Morning Call: pick of the papers

The ten must-read comment pieces from this morning's papers.

1. Are the two Eds Attlee and Cripps – or Tory clones? (Daily Telegraph)

Miliband and Balls have sown confusion among Conservative opponents with their new economic approach, writes Mary Riddell.

2. Careless talk may cost the economy (Financial Times)

If the Fed had been more prudent, premature tightening might have been avoided, writes Martin Wolf.

3. Osborne must stick to his Scalextric model (Times

Any politician can talk big, but successful ministers don’t always speed to the finish line, writes Daniel Finkelstein. They plot a steady course.

4. Don't expect James Bond to act like Mother Teresa (Guardian)

Handing our personal data to the US Prism project is exactly how you'd expect our spies to behave, writes David Davis. That's why they need strict legal controls.

5. Egyptians must not let their country descend into chaos (Guardian)

President Morsi has made mistakes – but Egypt's opposition, by aligning with former regime members, is sidelining democracy, says Wadah Khanfar.

6. The old deserve every penny of their pensions (Times

Let’s avoid a battle of the generations, says Alice Thomson. Britain’s oldest citizens led much harder lives than today’s young.

7. Politicians who demand inquiries should be taken out and shot (Guardian)

From Stephen Lawrence to Bloody Sunday, an inquiry serves as the establishment's get out of jail free card, writes Simon Jenkins. 

8. The rest of us work when needed. Why can't the bolshy doctors' union grasp that? (Daily Mail)

For two decades, doctors have provided ever less effective out-of-hours cover, says Max Hastings. 

9. QE was fun while it lasted. Now it’s time for the cuts (Independent)

It's time to set out on the road back to monetary sustainability - and it's not going to be easy, says Hamish McRae.

10. Nice Sir Mervyn King still allowed the ship to crash (Daily Telegraph)

Despite the plaudits, the Governor of the Bank of England's economic theories were hopelessly misguided, says Iain Martin.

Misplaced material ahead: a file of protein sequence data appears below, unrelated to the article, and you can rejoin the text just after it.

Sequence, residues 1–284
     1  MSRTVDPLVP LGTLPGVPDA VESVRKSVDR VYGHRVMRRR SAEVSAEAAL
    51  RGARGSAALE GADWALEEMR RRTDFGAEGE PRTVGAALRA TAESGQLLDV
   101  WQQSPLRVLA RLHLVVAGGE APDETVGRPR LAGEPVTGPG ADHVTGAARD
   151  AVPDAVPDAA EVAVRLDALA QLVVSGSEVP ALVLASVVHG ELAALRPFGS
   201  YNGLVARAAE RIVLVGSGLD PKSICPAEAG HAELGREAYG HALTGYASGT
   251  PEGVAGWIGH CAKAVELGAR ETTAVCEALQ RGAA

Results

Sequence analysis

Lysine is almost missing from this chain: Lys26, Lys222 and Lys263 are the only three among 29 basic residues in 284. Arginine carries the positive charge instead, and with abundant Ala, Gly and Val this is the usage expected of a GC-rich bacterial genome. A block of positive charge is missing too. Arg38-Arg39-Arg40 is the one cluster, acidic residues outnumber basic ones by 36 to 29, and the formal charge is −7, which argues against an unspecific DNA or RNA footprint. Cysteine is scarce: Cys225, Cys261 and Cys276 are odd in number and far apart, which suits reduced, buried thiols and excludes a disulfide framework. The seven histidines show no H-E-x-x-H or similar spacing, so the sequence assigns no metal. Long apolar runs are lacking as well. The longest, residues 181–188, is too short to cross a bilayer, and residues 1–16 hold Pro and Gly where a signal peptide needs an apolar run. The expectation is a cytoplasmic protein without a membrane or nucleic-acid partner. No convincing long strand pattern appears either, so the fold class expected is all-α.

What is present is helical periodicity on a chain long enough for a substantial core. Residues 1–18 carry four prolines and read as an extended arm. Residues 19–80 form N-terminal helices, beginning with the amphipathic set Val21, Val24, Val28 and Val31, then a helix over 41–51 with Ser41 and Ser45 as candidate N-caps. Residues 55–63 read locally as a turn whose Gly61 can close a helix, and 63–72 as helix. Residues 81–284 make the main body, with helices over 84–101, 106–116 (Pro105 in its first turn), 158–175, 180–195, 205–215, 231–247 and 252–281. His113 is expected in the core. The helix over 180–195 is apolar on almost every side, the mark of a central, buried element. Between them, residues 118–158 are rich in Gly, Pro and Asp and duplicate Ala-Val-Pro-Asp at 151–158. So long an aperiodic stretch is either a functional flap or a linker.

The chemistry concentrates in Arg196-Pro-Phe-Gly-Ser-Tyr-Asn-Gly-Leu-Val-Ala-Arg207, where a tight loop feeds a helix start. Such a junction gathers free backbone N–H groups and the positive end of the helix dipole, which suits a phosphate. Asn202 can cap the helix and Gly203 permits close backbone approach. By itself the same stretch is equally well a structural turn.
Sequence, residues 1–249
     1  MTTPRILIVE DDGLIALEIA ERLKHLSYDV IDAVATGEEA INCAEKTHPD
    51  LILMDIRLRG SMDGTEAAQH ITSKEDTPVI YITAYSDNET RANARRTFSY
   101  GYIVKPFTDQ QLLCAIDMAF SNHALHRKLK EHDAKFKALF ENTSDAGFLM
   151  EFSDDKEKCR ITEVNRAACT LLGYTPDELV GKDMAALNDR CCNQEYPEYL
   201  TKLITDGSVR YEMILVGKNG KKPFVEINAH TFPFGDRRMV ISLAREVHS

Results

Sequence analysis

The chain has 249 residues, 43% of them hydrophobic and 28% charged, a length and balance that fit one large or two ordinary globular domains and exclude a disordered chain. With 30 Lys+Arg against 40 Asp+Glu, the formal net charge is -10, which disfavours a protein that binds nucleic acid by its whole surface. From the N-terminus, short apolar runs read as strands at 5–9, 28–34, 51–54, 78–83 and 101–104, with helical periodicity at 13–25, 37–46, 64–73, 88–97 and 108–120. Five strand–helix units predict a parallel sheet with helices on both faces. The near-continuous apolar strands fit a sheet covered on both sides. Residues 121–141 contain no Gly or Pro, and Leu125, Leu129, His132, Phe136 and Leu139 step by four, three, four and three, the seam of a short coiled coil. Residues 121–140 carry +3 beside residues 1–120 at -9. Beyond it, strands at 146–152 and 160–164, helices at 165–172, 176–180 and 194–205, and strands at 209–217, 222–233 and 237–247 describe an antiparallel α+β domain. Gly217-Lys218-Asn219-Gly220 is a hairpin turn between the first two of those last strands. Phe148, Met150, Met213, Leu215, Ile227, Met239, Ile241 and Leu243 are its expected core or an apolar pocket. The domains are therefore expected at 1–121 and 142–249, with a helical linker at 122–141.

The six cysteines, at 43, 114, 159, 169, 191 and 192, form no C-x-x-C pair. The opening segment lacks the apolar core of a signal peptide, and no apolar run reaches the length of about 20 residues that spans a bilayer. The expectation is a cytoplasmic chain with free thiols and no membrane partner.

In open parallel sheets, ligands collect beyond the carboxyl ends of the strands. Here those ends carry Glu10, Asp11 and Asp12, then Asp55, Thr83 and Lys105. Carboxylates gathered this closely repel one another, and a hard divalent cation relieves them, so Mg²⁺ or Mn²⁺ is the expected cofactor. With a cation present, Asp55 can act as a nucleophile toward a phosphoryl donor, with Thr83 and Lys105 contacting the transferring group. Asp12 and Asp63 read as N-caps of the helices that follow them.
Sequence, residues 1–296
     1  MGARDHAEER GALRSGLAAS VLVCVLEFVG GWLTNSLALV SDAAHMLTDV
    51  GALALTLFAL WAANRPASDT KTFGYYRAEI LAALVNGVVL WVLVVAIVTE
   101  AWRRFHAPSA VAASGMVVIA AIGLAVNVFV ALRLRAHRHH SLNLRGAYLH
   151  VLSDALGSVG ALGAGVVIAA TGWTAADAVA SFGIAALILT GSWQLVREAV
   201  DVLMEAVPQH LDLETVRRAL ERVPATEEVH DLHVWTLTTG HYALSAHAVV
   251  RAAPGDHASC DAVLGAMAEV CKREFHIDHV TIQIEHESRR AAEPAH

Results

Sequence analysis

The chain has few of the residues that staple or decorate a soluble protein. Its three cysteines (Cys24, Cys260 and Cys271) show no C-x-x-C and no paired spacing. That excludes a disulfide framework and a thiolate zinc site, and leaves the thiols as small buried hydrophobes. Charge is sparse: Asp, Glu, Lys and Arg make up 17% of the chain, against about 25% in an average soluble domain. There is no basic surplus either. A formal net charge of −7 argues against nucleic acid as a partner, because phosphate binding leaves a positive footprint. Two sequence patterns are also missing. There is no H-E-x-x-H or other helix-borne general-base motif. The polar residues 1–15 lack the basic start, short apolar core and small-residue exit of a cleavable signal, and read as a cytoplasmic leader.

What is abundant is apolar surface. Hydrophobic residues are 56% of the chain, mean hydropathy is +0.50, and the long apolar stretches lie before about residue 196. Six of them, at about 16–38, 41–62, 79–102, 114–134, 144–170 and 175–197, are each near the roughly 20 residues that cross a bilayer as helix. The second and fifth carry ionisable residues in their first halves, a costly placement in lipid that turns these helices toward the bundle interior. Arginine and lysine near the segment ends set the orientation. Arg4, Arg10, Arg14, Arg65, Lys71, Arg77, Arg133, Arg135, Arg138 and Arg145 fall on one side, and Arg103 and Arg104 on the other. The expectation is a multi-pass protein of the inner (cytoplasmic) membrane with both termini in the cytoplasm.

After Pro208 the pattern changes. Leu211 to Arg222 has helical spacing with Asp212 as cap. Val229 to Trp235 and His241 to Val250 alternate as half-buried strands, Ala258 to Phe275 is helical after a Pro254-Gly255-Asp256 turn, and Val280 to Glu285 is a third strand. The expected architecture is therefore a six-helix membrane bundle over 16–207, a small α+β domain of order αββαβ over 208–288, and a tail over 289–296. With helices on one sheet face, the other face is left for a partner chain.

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Will Jeremy Corbyn stand down if Labour loses the general election?

Defeat at the polls might not be the end of Corbyn’s leadership.

The latest polls suggest that Labour is headed for heavy defeat in the June general election. Usually a general election loss would be the trigger for a leader to quit: Michael Foot, Gordon Brown and Ed Miliband all stood down after their first defeat, although Neil Kinnock saw out two losses before resigning in 1992.

It’s possible, if unlikely, that Corbyn could become prime minister. If that prospect doesn’t materialise, however, the question is: will Corbyn follow the majority of his predecessors and resign, or will he hang on in office?

Will Corbyn stand down? The rules

There is no formal process for the parliamentary Labour party to oust its leader, as it discovered in the 2016 leadership challenge. Even after a majority of his MPs had voted no confidence in him, Corbyn stayed on, ultimately winning his second leadership contest after it was decided that the current leader should be automatically included on the ballot.

This year’s conference will vote on to reform the leadership selection process that would make it easier for a left-wing candidate to get on the ballot (nicknamed the “McDonnell amendment” by centrists): Corbyn could be waiting for this motion to pass before he resigns.

Will Corbyn stand down? The membership

Corbyn’s support in the membership is still strong. Without an equally compelling candidate to put before the party, Corbyn’s opponents in the PLP are unlikely to initiate another leadership battle they’re likely to lose.

That said, a general election loss could change that. Polling from March suggests that half of Labour members wanted Corbyn to stand down either immediately or before the general election.

Will Corbyn stand down? The rumours

Sources close to Corbyn have said that he might not stand down, even if he leads Labour to a crushing defeat this June. They mention Kinnock’s survival after the 1987 general election as a precedent (although at the 1987 election, Labour did gain seats).

Will Corbyn stand down? The verdict

Given his struggles to manage his own MPs and the example of other leaders, it would be remarkable if Corbyn did not stand down should Labour lose the general election. However, staying on after a vote of no-confidence in 2016 was also remarkable, and the mooted changes to the leadership election process give him a reason to hold on until September in order to secure a left-wing succession.

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